voyage out, he had been a member of the Border Police, had worked with solicitors Barber and McCrae … and was currently with solicitor J.H. Ross’. Source: Ian Wynd 1996, p.60. George was a friend of Henry Lineham, who may have conspired with him.

C. Wood on 12th June, 2012 wrote of Thomas Blade:

On 17.2.1813, Thomas was tried at the Old Bailey for stealing three hams from a cheese shop in East Smithfield, London. At the time he was said to be from Lynn. Height 5’4", pale complexion,light brown hair, hazel eyes. Occupation in the UK was ‘excise man’. NSW: registered as a limner. 1814 muster: he was a Ticket of Leave. The family was not being supported by the Government. Wife Sarah and daughters Caroline & Sarah arrived on Broxbornebury in 1814.

Anonymous on 12th June, 2012 wrote of Abraham Mitchell:

Inquest, 29.3.1845, Geelong, Port Phillip: Abraham had been suffering from a fever before landing in Geelong. He hanged himself in a temporary depot during the absence of his attendant.
Source: British Parliamentary Papers Vol XXIX.402, p64:
Letter from E.B. Addis, Commissioner of Crown Lands,  to Surgeon Hampton, 6
April 1845

Anonymous on 12th June, 2012 wrote of Elijah Cunnington:

Convicted of receiving stolen goods, trial date 4 March 1843

Elizabeth Lopez on 12th June, 2012 wrote of Eliza Macarthy:

Married William Hay, convict per Elphinstone, on 4th May 1846.

Anonymous on 12th June, 2012 wrote of Ann Starsmore:

Date of conviction: 4 March 1843

Elizabeth Lopez on 12th June, 2012 wrote of William Hay:

Married Eliza McCarthy, convict per Navarino, on 4th May 1846.  Children William born 1 September 1846 died 1 June 1852, Eliza born 14 July 1848, Emily born 10 July 1850, William born 1852, female born 9 June 1856.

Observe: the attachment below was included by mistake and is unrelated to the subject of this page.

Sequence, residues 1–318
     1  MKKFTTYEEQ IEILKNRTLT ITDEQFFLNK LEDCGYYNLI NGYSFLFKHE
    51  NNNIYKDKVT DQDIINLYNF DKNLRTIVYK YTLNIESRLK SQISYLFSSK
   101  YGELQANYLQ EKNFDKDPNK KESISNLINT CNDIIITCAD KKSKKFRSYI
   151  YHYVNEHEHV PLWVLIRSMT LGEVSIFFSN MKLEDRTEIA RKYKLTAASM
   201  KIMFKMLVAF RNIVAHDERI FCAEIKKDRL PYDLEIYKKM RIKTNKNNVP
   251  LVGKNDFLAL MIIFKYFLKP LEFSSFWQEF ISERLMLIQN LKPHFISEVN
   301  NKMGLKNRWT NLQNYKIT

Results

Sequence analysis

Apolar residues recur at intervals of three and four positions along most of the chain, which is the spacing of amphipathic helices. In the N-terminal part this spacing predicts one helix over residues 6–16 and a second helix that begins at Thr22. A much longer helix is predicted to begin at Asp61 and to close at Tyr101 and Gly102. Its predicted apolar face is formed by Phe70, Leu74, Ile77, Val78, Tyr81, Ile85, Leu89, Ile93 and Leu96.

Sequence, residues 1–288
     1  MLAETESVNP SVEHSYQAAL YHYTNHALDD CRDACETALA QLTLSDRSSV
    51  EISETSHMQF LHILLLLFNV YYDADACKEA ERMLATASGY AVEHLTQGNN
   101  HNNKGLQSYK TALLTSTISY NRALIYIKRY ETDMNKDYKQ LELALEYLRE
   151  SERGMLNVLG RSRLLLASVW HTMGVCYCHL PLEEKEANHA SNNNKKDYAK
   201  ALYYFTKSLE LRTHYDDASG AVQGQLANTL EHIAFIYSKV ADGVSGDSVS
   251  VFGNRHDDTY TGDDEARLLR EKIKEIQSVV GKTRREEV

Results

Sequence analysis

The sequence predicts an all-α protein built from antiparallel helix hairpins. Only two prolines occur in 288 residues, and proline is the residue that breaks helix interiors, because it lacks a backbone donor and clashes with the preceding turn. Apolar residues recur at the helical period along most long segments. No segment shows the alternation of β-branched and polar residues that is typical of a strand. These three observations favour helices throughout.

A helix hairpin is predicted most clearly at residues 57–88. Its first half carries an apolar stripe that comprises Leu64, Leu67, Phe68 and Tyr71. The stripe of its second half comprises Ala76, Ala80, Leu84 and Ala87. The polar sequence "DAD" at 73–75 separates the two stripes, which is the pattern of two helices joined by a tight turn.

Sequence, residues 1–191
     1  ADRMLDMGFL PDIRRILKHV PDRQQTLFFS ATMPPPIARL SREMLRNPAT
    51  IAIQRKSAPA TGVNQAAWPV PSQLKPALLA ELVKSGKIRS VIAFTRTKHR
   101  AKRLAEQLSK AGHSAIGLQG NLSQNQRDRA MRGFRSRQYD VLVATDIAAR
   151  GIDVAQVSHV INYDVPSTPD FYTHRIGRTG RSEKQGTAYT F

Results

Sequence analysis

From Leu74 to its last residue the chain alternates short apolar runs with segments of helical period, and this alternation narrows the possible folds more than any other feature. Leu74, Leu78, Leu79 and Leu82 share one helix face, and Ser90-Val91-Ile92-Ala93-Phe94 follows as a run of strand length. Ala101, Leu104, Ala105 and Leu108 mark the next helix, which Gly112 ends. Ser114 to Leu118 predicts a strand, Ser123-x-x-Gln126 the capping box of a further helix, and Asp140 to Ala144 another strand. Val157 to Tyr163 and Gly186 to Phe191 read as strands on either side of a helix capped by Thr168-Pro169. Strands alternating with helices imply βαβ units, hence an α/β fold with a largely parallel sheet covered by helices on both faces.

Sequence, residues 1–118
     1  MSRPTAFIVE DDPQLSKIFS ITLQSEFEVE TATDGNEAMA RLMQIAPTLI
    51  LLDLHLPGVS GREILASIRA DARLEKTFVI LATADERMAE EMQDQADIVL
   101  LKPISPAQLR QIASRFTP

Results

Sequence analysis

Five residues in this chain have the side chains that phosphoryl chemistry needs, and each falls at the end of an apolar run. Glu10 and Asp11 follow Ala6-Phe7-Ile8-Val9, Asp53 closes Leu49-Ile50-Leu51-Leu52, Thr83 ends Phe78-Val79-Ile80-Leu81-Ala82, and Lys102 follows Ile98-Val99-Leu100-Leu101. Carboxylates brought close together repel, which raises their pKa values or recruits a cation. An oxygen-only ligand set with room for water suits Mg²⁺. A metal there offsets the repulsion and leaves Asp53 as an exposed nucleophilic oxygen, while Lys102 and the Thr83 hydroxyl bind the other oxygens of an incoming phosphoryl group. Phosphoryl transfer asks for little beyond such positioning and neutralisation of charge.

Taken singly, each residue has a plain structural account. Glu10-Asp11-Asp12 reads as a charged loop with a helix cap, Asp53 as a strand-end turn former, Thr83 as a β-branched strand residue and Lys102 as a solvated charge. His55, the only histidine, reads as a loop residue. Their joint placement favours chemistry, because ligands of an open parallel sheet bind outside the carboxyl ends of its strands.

Lois Broad on 12th June, 2012 wrote of Elijah Broad:

Married in Melbourne 1841, Margaret Coleman.

Anonymous on 12th June, 2012 wrote of Michael Coy:

MICHEAL on the 26th October 1849 was tried at Clare for stealing a sheep from Mr Curtin Sentenced to 7 Years Transportation on the "London 2" he arrived on the 19th March 1851
. MICHEAL was granted his Ticket of Leave on the 22nd June 1852
MARGARET his wife was given permission to live with Micheal on the 16th July 1852 after receiving his Ticket of Leave

MICHEAL was granted his Conditional Pardon on the 7th February 1854
MICHEAL with PETER TROY (Husband of Margaret Beaky also a Prisoner) was tried at Hobart on the 16th April 1855 with being drunk in a public place in Hobart on the 14th April he was fined 1 pound plus 2 shillings costs.
27th November 1856 MICHEAL received his Certificate of Freedom

2nd June 1881 aged 54 years MICHEAL was admitted to New Norfolk Insane Asylum. He had been living at New Town Pauper Establishment before being transferred to Hobart Hospital and then to New Norfolk Insane Asylum. Dr Henry A Perkins of Hobart wrote the following on his Medical Certificate.
That his language was incoherent. That he does not understand any questions put to him. That his manner and gait are imbecile.
By Robert Wallace attendant, that his habits are filthy and destructive. That he wanders in his talk at night when he has hallucinations